Libya’s Haftar vow to press Tripoli campaign despite ceasefire call

Supporters of East Libya's strongman Khalifa Haftar gather in Benghazi on January 3, 2020.
Supporters of East Libya's strongman Khalifa Haftar gather in Benghazi on January 3, 2020. © Esam Omran, Reuters
3 min

Forces in East Libya led by Khalifa Haftar said on Thursday they will not let up in their military campaign against rival factions in the capital Tripoli, appearing to reject a call by Russia and Turkey for a ceasefire.


A statement from Haftar's self-styled Libyan National Army (LNA) welcomed Russia's bid "to seek peace and stability in Libya", but affirmed "the continuation of the efforts of the armed forces in their war against terrorist groups ... which control the capital Tripoli".

A high-level source close to the LNA, who asked not to be identified, described the statement as a "conditional acceptance" of Russia and Turkey's call on Wednesday for a ceasefire to start on Jan. 12.

Haftar's forces began an offensive to take control of Tripoli in April that quickly stalled on the city's outskirts. However, the LNA has gained an advantage in recent weeks as fighting intensified and it seized the coastal city of Sirte on Monday.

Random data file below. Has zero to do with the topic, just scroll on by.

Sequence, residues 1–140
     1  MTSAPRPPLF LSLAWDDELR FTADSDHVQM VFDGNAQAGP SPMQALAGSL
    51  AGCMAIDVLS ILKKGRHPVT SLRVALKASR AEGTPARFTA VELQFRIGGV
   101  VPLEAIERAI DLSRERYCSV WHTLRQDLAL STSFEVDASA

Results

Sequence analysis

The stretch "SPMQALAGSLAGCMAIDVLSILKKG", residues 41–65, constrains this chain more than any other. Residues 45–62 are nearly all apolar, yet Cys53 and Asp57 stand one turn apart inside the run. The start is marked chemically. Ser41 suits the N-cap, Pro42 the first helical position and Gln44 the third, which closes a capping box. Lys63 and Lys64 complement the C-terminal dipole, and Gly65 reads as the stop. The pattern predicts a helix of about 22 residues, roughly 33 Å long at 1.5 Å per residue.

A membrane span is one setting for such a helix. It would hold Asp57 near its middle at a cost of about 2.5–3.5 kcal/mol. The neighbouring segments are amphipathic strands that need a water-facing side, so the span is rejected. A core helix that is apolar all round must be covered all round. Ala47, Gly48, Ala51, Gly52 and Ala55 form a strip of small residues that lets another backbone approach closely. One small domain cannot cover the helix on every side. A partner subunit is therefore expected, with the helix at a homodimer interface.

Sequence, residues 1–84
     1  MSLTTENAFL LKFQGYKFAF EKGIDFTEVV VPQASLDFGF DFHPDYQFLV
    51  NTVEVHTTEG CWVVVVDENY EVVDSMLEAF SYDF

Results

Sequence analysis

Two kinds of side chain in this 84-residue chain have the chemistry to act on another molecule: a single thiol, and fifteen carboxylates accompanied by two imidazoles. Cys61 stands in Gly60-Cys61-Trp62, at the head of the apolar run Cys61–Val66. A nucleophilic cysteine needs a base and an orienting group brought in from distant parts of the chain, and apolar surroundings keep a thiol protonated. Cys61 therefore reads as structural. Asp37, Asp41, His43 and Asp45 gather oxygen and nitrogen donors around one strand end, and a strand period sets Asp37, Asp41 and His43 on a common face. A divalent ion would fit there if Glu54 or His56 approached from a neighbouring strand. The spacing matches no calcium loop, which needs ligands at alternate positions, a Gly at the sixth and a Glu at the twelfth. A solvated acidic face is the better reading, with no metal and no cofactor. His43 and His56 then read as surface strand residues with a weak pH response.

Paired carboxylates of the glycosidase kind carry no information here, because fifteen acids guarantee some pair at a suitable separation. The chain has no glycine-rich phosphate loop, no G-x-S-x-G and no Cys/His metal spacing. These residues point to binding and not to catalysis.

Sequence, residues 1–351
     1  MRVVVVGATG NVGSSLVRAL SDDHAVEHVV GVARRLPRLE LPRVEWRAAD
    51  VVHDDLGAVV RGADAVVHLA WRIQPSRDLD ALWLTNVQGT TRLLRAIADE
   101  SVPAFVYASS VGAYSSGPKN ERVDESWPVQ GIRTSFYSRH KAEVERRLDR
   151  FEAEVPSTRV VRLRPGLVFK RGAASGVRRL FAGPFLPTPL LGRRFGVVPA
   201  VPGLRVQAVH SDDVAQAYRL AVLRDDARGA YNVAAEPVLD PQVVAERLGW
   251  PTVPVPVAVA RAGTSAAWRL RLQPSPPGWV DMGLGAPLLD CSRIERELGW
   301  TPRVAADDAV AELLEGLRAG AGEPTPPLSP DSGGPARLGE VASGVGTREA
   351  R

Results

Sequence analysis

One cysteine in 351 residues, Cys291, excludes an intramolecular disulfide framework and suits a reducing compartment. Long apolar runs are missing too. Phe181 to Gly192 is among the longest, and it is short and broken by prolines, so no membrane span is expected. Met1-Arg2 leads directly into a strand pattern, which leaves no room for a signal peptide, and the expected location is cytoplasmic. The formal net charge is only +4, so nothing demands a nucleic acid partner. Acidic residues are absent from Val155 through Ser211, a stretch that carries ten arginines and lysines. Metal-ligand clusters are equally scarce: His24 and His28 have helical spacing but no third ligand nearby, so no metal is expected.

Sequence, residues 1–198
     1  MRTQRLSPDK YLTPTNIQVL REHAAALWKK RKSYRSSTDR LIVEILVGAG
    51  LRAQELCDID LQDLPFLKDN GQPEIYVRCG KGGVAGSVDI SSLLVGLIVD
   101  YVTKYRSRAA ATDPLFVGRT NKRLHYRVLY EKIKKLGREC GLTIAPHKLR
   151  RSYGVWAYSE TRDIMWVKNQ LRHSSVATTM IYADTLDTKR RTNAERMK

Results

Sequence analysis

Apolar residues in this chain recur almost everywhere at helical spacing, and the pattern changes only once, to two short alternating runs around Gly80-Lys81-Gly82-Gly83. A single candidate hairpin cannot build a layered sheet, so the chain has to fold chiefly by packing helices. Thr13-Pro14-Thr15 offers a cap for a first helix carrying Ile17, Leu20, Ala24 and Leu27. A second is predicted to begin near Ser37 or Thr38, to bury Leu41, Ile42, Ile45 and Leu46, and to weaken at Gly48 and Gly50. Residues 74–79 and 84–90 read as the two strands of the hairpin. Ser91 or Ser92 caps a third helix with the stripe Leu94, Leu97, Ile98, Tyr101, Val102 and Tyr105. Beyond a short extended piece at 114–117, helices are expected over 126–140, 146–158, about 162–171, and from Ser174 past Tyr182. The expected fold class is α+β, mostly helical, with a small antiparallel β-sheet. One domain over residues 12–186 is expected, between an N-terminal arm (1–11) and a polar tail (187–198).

Libya has been divided into rival camps based in Tripoli and the east since 2014, each with their own set of institutions.

Haftar's offensive upended a UN-led peace push and reignited a conflict that has in recent years fuelled migrant smuggling to Europe, given space to Islamist militants and disrupted oil supplies.

Both Russia and Turkey have been increasingly involved in Libya's conflict, with Turkey backing the internationally recognised Government of National Accord (GNA) in Tripoli and the armed factions that support it. Turkey's parliament voted last week to allow a troop deployment to the North African country.

Russia has largely backed Haftar, whilst maintaining relations with the GNA.

In recent months Russian military contractors have deployed alongside the LNA, which has also received air support from the United Arab Emirates and backing from Jordan and Egypt, according to UN experts and diplomats.

The GNA has said it welcomes any serious call for a return to the political process.

"The GNA urgently wants to restore peace, and until that is possible ... we will exercise our lawful right to enter into military alliances and defend our country from attack," senior GNA adviser Mohammed Ali Abdallah said in a statement on Thursday.

The GNA "welcomes any credible ceasefire proposal, but we have a duty to protect the Libyan people" from Haftar's offensive, he said.


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